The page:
Three things are needed to be a good student 1) Show up to class 2) Do your assignments and 3) Be mindful. According to the research folks at Mindful Schools (MS) have done, being mindful can make a huge difference for kids in the classroom: They develop more empathy, pay better attention in class and get better grades. And they carry those skills with them after they leave school.
So what’s this mindfulness stuff? According to MS’s Web site it’s teaching “students to pay attention to their experiences,” or, as I like to think of it, it’s meditation off the cushion–it’s practicing all the time. But the way MS works goes beyond working with one individual student and even goes beyond working in just one classroom, MS is a school-wide program. Most of the programs are taught in low-income schools (71%) and the sessions, which last 8 weeks are 15 minutes long, very doable for most students. All students in the school learn techniques that allow them to be more mindful, and teachers are instructed in how to teach it and bring it into the classroom as a part of their regular curriculum. To get a sense of how mindful teachers affect students, take a look at an excerpt from the MS blog site:
A teacher who has a mindfulness practice brings a certain presence with them into the classroom. They are indirectly teaching students what it’s like to use mindfulness, or to be mindful in various situations.
If they use their mindfulness in times of stress or difficulty, they are demonstrating healthy, skillful responses without even mentioning mindfulness. When they are able to be fully present with a student or class, the students learn what good listening and kindness is through observation. When a teacher can remain calm amidst chaos, students witness that as a possibility for themselves.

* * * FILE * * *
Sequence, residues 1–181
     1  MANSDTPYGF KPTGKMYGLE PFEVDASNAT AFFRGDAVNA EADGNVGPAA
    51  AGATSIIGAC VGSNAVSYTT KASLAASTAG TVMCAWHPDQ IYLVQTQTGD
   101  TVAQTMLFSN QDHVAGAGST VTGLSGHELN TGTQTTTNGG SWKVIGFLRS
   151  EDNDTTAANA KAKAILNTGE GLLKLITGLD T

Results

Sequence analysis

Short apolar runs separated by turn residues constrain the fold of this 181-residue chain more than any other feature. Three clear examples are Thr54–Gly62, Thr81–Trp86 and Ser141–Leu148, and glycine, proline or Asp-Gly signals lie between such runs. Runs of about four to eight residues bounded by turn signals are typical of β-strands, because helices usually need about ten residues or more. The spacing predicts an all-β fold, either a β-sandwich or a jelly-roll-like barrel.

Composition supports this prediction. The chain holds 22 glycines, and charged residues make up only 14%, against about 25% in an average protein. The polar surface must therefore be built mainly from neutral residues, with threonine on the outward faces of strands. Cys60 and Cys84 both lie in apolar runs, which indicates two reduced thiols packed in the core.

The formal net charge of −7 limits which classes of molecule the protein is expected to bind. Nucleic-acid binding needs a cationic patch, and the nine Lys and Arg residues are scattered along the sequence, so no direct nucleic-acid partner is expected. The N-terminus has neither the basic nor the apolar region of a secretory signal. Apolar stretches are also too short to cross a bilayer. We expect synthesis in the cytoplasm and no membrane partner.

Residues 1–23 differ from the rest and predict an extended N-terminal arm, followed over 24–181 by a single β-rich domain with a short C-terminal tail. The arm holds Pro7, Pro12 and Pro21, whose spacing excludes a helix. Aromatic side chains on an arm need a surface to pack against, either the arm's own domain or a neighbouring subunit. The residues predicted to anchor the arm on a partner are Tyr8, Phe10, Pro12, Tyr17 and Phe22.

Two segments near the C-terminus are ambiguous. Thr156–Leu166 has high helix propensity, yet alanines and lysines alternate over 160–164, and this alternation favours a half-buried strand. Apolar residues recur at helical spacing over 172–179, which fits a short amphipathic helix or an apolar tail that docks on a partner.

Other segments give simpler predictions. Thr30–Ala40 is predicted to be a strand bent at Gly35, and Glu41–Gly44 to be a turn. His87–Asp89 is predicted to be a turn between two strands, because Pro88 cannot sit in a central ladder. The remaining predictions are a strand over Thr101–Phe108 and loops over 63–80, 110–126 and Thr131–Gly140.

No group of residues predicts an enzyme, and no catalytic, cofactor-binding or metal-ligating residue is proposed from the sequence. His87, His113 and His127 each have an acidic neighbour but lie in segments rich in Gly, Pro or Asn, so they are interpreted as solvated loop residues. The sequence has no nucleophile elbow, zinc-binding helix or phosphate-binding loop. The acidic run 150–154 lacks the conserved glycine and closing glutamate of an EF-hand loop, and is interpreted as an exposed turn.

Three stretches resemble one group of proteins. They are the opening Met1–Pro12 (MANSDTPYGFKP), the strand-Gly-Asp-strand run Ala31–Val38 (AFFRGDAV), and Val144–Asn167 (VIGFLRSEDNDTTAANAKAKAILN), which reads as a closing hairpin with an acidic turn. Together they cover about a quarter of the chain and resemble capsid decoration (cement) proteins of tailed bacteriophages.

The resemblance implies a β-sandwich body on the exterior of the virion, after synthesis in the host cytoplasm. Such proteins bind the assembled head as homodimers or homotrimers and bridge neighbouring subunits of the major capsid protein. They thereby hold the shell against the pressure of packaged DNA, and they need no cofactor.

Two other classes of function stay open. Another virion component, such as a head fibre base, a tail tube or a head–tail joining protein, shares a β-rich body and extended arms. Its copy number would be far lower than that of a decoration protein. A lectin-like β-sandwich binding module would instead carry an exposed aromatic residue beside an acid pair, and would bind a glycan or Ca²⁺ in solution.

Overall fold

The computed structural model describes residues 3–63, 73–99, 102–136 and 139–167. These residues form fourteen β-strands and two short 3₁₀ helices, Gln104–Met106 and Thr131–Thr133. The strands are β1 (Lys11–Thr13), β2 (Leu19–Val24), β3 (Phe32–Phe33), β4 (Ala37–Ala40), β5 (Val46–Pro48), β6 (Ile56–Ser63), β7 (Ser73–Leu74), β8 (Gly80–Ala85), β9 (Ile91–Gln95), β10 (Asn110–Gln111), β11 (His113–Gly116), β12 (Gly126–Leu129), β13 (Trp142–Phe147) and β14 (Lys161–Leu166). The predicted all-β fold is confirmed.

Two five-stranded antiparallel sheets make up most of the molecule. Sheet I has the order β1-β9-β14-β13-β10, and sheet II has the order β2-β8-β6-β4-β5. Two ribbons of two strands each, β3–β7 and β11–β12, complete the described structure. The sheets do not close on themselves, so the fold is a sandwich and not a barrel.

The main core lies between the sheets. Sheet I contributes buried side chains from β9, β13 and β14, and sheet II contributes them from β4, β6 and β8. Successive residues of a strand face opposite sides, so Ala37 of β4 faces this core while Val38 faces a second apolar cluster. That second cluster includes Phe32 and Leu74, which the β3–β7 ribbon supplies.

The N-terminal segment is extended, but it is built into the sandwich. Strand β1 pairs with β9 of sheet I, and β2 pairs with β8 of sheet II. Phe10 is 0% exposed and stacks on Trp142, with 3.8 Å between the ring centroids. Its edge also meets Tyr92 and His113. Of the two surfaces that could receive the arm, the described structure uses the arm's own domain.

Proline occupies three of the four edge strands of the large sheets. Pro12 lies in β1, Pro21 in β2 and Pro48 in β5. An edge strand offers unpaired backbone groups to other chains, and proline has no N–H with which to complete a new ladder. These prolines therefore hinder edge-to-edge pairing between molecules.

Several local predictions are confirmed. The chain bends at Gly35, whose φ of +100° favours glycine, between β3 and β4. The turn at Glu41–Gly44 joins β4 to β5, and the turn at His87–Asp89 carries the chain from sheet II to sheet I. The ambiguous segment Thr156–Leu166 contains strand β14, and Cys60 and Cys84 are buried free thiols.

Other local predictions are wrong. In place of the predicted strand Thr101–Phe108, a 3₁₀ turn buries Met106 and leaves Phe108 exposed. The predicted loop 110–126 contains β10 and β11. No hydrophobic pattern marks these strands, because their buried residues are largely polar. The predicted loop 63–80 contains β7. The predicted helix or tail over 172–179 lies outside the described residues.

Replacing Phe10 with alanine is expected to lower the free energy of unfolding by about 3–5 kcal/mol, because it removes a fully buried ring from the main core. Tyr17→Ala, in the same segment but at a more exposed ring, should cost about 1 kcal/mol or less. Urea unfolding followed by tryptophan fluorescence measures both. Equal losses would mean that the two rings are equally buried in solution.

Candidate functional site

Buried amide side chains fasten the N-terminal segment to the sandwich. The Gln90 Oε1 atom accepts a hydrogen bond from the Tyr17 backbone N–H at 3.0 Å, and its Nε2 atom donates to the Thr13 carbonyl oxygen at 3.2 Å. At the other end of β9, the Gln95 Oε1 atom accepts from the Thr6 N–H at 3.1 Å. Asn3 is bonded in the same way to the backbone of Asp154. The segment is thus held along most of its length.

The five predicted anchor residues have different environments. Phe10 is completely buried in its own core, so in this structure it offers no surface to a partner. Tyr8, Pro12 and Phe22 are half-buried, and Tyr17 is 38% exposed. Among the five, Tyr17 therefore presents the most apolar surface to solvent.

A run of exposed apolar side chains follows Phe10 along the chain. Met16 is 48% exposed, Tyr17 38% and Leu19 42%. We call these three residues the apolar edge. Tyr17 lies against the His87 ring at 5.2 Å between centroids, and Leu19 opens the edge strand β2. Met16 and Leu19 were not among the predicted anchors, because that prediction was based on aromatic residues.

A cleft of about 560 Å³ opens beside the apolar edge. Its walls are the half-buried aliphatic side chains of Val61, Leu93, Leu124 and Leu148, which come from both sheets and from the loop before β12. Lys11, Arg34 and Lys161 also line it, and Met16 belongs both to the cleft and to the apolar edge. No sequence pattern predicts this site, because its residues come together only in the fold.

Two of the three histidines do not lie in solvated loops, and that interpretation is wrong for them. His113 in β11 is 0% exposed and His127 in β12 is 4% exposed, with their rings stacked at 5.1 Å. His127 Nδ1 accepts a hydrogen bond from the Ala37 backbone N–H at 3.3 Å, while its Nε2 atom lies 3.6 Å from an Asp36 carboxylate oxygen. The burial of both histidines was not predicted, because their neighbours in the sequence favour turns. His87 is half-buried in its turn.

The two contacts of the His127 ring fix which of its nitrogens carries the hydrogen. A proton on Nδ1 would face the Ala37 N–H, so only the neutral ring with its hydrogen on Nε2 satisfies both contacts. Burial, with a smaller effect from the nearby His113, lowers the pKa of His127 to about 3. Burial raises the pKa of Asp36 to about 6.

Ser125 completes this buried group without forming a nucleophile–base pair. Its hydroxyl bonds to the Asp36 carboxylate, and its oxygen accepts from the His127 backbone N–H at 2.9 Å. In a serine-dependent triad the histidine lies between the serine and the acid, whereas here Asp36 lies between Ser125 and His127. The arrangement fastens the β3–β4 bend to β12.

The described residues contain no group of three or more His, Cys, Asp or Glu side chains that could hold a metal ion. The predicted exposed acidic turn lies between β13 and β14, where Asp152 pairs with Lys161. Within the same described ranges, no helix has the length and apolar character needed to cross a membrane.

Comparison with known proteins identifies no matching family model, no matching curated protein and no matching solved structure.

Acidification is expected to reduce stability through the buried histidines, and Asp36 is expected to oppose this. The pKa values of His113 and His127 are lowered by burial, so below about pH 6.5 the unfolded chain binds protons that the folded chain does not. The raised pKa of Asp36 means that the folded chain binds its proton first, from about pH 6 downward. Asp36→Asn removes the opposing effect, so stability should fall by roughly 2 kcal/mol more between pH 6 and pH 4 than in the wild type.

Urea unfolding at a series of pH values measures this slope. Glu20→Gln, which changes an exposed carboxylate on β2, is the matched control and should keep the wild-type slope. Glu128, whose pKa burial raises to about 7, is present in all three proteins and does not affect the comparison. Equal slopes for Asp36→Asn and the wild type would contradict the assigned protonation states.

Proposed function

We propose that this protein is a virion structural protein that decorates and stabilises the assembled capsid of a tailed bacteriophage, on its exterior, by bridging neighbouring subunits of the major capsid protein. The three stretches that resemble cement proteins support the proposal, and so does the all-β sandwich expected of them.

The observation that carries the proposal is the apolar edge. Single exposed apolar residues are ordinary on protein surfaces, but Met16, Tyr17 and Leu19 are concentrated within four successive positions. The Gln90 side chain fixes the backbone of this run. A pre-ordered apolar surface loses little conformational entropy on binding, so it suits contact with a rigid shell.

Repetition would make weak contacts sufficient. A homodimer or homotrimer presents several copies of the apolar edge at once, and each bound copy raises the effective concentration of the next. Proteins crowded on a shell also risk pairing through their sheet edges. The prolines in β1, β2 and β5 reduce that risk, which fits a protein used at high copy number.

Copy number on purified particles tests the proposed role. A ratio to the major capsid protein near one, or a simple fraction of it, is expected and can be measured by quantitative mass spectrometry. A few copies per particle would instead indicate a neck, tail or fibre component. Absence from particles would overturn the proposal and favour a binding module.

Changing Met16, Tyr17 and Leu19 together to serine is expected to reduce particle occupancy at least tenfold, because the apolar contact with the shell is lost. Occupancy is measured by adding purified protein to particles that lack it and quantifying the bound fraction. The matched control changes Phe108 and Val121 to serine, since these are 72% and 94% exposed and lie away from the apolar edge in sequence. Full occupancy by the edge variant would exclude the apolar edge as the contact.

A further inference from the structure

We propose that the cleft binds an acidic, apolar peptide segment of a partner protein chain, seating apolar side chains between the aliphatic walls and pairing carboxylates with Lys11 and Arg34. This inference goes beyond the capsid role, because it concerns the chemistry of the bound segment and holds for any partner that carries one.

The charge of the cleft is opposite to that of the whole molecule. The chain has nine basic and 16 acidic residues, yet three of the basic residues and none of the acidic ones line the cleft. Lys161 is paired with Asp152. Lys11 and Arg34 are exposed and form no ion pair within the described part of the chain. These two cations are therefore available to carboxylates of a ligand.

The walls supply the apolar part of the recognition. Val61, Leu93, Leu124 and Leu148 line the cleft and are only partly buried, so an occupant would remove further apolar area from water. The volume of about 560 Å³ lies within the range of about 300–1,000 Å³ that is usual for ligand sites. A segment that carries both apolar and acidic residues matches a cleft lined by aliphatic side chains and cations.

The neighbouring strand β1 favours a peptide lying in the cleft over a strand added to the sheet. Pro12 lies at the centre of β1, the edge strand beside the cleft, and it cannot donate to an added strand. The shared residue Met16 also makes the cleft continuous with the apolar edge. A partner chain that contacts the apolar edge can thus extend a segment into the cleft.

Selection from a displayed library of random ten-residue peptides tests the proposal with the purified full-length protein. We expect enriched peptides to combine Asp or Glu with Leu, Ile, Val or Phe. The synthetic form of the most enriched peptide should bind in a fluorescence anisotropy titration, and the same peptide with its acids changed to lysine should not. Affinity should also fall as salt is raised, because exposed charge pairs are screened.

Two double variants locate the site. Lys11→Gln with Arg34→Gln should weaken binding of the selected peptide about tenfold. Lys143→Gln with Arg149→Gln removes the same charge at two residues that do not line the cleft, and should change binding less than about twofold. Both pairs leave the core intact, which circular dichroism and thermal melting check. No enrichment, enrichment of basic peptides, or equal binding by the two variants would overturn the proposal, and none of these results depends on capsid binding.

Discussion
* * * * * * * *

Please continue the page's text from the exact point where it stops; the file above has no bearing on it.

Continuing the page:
Teachers with mindful qualities teach mindfulness through their actions; they might be less reactive and more patient, they might have gentler or kinder speech, students might feel more comfortable and safer in their classroom. Mindful qualities can be inherent in a teacher who has never learned mindfulness, or they can be cultivated through a mindfulness practice.
When these teachers decide to teach their students mindfulness directly through mindfulness techniques and lessons, you can be confident that the impact will be positive.
The question that is arising in the mindfulness in education movement is whether teachers without training in mindfulness can effectively deliver mindfulness lessons to students.
The biggest concern is probably that mindfulness could be misunderstood, misused or misrepresented. If a teacher uses mindfulness as a punishment or disciplinary tool, they have misused mindfulness. If a teacher tells students to use mindful breathing when they are upset but the teacher him/herself cannot access the same tool, students are getting conflicting information. Mindfulness invites a certain quality of stillness, acceptance, and patience. If students’ minds calm down during mindfulness, it would be deeply unfortunate for a teacher to behave in a contradictory way.
Also, students will often have questions about mindfulness. Only an experienced practitioner will be able to answer all questions appropriately. This is particularly true as students get older.
On the other hand, many of the mindfulness instructions are quite simple and could potentially be incorporated for a couple minutes each day. The key is having teachers who are at least interested in mindfulness and who are confident that their students would benefit from the lessons. Inevitably, the more training classroom teachers have in mindfulness for themselves, the more they will be able to demonstrate its indirect application throughout the day. Also, the more training classroom teachers have in how to deliver mindfulness instructions to students, the more likely mindfulness will find its way into the school day directly.
The good news is that teachers will know right away if mindfulness is proving easy to implement or whether they need more training.
Mindful Schools requires all teachers who use our curriculum to receive at least 12 hours of training in mindfulness (through our Mindfulness Fundamentals class or equivalent experience). We also provide a detailed Curriculum Training. Please see our training page or firstname.lastname@example.org for more information.
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